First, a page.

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I am a full time employee in New York City who does contract work on the side. Next year, I would like to set up a business for myself for this, with the expectation that I might become a full-time freelancer / contractor. What is the best way to incorporate myself? Sole-proprietorship, LLC? My goal is ease of management of the business / taxation / etc, as I am a web developer, so everything I do is primarily service oriented (no overhead / inventory / employees / etc).

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How are you planning on reporting the income being generated by your contract work on the side during 2012? You may already have a self-employment business set up and in operation (as far as the IRS is concerned) even if you are not calling it so in your own mind. –  Dilip Sarwate Dec 31 '12 at 20:17
    
I suggest you move this question to OnStartups@SE. Before you post there, look it up, as this question has been answered there numerously (including by me). –  littleadv Dec 31 '12 at 20:26
    
This kind of question is permitted here. The key thing is this relates to one's income (and its taxation) through self-employment. Refer to meta.money.stackexchange.com/questions/15/… ... Minor overlap with OnStartups subject matter is fine. –  Chris W. Rea Dec 31 '12 at 20:48

1 Answer 1

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Mods decided to leave it here, so I'll summarize some of my answers on this question given @OnStartups.

You can find them here, here and here.

Your options are :

Sole Proprietor

You and your business are one and the same. You report your income and expenses for taxes on a Schedule C (for each sole proprietorship a separate schedule), and taxed at your personal rates. There's no liability protection or legal separation between you and your business, and you don't need to have any bureaucratic overhead of managing an entity. You can use your own bank account and have checks written to you directly. You can register for DBA if you want a store-front name to be different from your own name.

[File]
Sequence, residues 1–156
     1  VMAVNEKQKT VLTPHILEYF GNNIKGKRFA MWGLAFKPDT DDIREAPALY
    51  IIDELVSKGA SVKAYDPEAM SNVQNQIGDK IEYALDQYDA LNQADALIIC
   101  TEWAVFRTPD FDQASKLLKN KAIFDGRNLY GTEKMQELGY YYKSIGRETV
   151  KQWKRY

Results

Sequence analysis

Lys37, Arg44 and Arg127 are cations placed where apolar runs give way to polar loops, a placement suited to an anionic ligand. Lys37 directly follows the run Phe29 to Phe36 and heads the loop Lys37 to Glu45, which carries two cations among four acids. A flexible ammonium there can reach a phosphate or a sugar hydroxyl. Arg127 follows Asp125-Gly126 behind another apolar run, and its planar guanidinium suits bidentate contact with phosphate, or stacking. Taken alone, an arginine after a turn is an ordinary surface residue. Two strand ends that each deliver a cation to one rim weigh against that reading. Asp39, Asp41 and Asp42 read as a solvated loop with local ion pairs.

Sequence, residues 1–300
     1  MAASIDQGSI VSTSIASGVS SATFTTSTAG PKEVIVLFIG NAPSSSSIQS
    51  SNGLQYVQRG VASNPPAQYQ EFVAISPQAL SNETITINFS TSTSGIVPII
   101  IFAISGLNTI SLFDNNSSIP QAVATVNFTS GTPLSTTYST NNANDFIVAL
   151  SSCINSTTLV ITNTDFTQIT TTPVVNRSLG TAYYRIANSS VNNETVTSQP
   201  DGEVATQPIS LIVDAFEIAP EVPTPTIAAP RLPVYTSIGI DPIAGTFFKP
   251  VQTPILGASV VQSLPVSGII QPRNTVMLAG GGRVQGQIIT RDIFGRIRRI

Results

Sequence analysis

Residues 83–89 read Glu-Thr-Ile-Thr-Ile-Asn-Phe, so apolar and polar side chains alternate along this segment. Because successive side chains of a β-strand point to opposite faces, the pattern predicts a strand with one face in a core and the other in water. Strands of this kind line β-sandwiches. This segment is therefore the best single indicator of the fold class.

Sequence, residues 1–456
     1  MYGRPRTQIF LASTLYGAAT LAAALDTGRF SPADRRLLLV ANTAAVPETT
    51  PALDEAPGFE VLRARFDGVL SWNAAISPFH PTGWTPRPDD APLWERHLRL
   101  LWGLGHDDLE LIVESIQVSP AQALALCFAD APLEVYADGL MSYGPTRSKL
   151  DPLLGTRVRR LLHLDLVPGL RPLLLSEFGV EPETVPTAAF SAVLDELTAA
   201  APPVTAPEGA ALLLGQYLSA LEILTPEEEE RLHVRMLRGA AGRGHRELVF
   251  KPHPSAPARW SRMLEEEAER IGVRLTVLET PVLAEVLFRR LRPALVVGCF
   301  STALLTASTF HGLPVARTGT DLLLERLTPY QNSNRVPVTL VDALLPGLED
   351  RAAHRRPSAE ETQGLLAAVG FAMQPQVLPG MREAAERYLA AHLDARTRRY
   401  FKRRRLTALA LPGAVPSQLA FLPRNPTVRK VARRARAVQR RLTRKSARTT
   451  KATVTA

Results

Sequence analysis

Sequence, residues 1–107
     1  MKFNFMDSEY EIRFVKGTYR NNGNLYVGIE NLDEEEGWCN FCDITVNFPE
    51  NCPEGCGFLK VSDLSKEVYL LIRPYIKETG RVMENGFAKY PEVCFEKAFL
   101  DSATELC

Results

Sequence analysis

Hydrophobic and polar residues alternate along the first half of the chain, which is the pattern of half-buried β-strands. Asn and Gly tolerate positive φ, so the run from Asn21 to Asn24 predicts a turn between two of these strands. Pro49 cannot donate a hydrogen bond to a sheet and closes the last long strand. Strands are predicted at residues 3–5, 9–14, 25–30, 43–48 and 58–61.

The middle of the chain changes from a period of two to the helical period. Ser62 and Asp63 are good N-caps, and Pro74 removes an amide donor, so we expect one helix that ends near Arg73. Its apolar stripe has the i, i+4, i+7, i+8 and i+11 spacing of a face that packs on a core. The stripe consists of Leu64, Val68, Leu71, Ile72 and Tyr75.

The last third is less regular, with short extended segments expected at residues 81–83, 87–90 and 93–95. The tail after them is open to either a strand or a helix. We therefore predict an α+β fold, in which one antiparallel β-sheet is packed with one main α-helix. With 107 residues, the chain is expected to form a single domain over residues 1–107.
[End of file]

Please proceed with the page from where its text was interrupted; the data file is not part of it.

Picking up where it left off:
LLC

Depending on State, can cost a lot or close to nothing. Provides certain liability protection (depending on State, single-member and multi-member LLC's may have different liability protections). You can chose to be taxed as either a sole-proprietor (partnership, for multi-member) or as a corporation. You have to separate your activities, have a separate bank account, and some minimal bureaucracy is required to maintain the entity. Benefits include the limited liability, relatively easy to add partners to the business or sell it as a whole, and provides for separation of your personal and business finances. Drawbacks - bureaucracy, additional fees and taxes (especially in CA), and separation of assets.

Corporation

Corporation is an entirely separate entity from yourself, files its own tax returns, has separate bank accounts and is run by the board of directors (which in some cases may require more than 1 person to be on the board, check your state laws on that). As an officer of the corporation you'll have to pay salary to yourself. S-Corp has the benefit of pass-through taxation, C-Corp doesn't and has double taxation. Benefits - liability protection, can sell shares to investors, legally distinct entity. Disadvantages - have to deal with payroll, additional accounting, significant bureaucracy and additional layer of taxes for C-Corp (double taxation). Selling corporate assets is always a taxable event (although in your case it is probably not of an importance).

Bottom Line

You have to talk to a lawyer in your state about the options re the liability protection and how to form the entities. The formation process is usually simple and straight forward, but the LLC/Partnership operating agreements and Corporation charters/bylaws must be drafted by a lawyer if you're not going to be the sole owner (even if you are - better get a lawyer draft something for you, its just easier to fix and change things when you're the sole owner).

You have to talk to a CPA/EA in your state about the taxes and how the choice of entity affects them.

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